Stress is difficult to define. In reality, there is bad stress (distress) and good stress (eustress). Stressful events (stressors) lead to different responses in different people (see figure below). Take a roller coaster for example. There are those of us who sit in the back gripping tightly out of pure fear. Then there are those others sitting in the front hands in the air, loving every minute of the adrenaline rush. Same stressor… different response. Another example is the average work week. A recent Gallop Poll found that the “average” American works 47 hours/week. Some people can put in over 60 hours/week with no apparent stress affecting them at all, while others feel as though they cannot handle a traditional 40 hour work week. Whether its work, financial or health issues, more often than not, life every day can become stressful. Stress is all around us and unfortunately, it is something every human encounters.
So what are some things we can do naturally, without anxiety medication and depression medication, to help us manage or control our stressful, everyday lives?
Prioritize what means the most to you. For some, family and friends and their jobs mean the world to that individual. Maybe it’s hobbies like arts and crafts or going on hikes, or something as simple as reading a book. In order to prioritize our lives, we need to first create a list of what makes us the happiest. For me, family and friends, my hobbies that involve being outside, and my work in helping people make me the absolute happiest. There are just simply not enough hours in the day to fit everything in. Some people would argue and say ‘just plan your entire day out’…but have you ever tried that? Who wants to live their days going from one plan to the next? Honestly, that does not sound fun. First step in managing our stress is saying no to things that are not a priority. Prioritize those things that fulfill you and bring you joy. Being happy will ultimately bring the stress in your life lower.
Take. Care. Of. Yourself. Let me repeat that again-take care of yourself. Stress can overtake our lives without us knowing it and overtime, we begin to suffer for it-both mentally and physically. Ways to combat stress can be as simple as going for a walk/run, focusing in on your breathing patterns, listening to some calming music, get a massage, or get adjusted by your chiropractor. Massage and chiropractic care don’t just feel amazing, they boost circulation, increase immunity, relaxes the nervous system and reduces stress hormones like cortisol. Now massage and chiropractic are not instant fixes, meaning you can’t do them yourself, but one thing you can do by yourself is breathing in a specific pattern called, 4-7-8 breathing. Medical News Today wrote an article that talks about the benefits of this kind of breathing and why it is beneficial. This type of breathing pattern can be done anywhere, anytime! Self care is the most important thing someone can do to help manage their stress. If time is the biggest issue, trying doing one thing per day to make your life healthier. By doing this, stress will inevitably go down.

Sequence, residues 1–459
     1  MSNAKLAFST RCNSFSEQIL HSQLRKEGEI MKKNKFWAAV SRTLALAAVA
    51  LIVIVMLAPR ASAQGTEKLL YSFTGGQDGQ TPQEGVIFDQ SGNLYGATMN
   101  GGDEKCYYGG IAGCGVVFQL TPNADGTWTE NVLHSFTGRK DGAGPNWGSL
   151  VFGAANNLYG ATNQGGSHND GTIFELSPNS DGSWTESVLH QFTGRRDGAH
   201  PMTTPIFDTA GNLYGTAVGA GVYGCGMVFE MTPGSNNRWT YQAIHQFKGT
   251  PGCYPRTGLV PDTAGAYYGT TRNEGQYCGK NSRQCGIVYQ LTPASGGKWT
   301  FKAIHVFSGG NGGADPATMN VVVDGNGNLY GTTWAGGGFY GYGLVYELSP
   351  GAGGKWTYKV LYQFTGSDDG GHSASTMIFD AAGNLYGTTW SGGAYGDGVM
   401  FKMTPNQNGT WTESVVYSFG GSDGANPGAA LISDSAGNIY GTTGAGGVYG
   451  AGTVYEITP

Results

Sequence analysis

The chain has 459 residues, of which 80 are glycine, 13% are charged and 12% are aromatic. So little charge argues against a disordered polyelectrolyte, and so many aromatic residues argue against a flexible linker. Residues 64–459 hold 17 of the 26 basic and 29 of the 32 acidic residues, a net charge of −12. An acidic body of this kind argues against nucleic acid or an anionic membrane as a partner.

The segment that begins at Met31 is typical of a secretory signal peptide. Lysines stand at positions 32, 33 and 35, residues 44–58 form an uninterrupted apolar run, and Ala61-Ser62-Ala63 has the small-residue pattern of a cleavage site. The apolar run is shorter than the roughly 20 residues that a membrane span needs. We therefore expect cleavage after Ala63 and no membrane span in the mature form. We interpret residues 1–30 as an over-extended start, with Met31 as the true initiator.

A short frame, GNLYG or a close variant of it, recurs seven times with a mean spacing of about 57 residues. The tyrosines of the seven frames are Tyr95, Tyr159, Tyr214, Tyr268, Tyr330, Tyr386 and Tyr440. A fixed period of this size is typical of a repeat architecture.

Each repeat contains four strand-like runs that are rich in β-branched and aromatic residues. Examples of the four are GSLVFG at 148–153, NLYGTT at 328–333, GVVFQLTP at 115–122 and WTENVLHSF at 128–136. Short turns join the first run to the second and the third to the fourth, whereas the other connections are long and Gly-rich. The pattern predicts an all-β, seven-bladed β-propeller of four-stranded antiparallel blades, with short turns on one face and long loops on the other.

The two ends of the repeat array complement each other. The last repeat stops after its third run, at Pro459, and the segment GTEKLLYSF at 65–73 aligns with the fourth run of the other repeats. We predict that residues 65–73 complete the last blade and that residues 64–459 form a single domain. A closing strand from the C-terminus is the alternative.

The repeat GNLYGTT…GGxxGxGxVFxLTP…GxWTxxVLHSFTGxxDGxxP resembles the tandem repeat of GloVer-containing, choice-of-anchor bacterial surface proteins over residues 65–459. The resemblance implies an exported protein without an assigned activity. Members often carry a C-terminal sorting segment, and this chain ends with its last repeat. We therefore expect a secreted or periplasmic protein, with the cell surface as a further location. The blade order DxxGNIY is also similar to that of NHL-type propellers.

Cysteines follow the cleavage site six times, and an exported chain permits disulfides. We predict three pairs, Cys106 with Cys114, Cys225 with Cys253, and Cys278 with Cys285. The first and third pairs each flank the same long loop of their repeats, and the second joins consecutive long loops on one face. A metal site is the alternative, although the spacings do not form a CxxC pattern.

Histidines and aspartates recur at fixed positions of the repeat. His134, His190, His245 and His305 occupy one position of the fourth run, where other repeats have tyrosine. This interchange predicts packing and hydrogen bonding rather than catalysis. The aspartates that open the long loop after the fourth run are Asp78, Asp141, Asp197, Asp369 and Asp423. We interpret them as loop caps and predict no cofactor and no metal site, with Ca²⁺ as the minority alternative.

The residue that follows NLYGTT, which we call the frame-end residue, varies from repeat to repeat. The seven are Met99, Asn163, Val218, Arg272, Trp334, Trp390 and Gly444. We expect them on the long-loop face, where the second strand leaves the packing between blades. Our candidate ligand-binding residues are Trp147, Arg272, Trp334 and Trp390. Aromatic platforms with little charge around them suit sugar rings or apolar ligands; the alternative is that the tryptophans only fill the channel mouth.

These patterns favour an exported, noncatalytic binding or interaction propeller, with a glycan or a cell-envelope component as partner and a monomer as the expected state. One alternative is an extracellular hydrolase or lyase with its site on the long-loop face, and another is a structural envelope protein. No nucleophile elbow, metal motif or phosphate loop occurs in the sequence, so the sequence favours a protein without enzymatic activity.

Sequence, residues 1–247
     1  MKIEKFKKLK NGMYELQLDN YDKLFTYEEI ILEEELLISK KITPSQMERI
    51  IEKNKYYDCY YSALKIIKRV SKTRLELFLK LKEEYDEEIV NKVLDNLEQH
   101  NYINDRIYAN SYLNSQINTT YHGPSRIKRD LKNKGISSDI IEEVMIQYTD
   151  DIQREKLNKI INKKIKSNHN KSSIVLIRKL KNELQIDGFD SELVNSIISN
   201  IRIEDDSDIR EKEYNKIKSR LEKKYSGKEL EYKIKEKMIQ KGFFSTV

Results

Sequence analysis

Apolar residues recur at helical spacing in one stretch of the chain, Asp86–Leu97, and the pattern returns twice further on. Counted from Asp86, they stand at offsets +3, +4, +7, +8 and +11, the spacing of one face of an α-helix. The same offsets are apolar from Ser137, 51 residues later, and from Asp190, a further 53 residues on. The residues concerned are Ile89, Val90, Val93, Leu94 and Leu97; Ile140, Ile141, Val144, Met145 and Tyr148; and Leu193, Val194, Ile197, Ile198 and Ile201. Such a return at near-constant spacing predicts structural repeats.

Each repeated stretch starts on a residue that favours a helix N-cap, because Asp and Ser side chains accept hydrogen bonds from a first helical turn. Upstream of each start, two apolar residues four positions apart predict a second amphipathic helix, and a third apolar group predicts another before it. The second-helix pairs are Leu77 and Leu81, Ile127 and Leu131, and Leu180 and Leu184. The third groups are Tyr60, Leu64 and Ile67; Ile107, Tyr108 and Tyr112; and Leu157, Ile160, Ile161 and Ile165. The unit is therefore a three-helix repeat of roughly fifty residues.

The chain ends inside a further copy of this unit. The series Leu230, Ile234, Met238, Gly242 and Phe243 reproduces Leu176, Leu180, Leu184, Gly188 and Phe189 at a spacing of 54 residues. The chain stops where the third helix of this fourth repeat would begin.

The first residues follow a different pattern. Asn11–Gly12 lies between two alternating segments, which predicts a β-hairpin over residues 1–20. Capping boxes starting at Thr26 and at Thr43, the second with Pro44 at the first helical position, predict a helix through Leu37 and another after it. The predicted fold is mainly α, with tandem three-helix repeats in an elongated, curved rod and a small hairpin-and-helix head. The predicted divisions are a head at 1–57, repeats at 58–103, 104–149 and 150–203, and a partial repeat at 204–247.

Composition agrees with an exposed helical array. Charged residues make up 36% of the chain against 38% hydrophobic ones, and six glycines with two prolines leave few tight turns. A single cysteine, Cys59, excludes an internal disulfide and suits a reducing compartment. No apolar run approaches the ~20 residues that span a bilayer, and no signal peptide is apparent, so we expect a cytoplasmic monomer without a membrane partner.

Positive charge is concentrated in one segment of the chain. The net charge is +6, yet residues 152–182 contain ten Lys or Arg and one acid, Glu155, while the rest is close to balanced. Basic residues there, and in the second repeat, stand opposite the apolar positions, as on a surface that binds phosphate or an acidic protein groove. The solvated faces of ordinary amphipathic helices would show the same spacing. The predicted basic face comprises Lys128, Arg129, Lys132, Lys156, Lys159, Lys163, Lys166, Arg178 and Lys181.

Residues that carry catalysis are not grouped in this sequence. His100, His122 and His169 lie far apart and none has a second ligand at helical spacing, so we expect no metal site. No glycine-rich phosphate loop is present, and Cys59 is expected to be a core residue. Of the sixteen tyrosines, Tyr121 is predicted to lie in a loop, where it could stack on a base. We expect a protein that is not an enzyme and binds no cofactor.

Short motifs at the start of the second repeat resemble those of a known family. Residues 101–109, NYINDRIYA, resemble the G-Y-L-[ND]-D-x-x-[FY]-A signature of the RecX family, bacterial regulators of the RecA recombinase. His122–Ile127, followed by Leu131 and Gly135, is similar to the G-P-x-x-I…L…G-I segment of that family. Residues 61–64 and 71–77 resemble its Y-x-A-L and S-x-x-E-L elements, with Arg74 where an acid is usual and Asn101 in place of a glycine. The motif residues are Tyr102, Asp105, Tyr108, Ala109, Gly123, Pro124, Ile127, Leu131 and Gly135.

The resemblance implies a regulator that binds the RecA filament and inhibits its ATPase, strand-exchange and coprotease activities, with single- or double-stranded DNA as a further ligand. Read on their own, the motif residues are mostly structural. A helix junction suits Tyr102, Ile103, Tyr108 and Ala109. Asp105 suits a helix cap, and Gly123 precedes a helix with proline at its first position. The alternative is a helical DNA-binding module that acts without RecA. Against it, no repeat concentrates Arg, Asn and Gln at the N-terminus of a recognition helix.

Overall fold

Ask yourself, why am I worrying about this? Does it really matter?
There are instances in people’s lives that can totally change their
perspectives on their own life. Two times that this has happened to me was serving on a mission trip to India, where I got to see true hunger, true suffering, true poorness. Going somewhere like that makes you realize that the little things in life do not matter. You hit every red light on your way to work which made you a few minutes late, you forgot it was your turn to make cupcakes for your child’s classroom, the list can go on and on. At the end of the day, will these little things matter? We need to look at the little instances in our daily lives and ask ourselves if these things are worth wasting our time worrying over. At the end of the day, choosing to control what we worry about will decrease our stress levels. Every thought, action, and reaction in this life is OUR CHOICE. Choose to stop, take a breath, and act (not react) about the little stressors.
Get off of social media and gaming systems.
We spend too much time on our phones or computers and gaming systems. What does this do to us? It forces us to see anything in just a touch of a screen-tap, it steals time away from those sitting right next to us and it robs us of things that can decrease our stress-our loved ones, our friends, our hobbies that we should be prioritizing. Social media portrays ‘an ideal life, an ideal image, etc’ and all of us stress about not being like what social media portrays. I could get on a soapbox about social media, but I won’t. Long story short, get off your screens and back into reality. By separating what the media thinks our lives should be like and being grateful for the life we have, will help us decrease stress and increase happiness.
There are many ways to decrease the stress in our daily lives, these four just being some of them. Prioritize yourself and the ones and things that make you happy and less stressed, get off social media, choose to change how you view the stressful situations and learn how to control your life. Choose what is a true crisis where stress can be helpful and choose to learn what is not. Learning to do this and to slow down and appreciate the small things in your life will help get instant stress relief and instant happiness.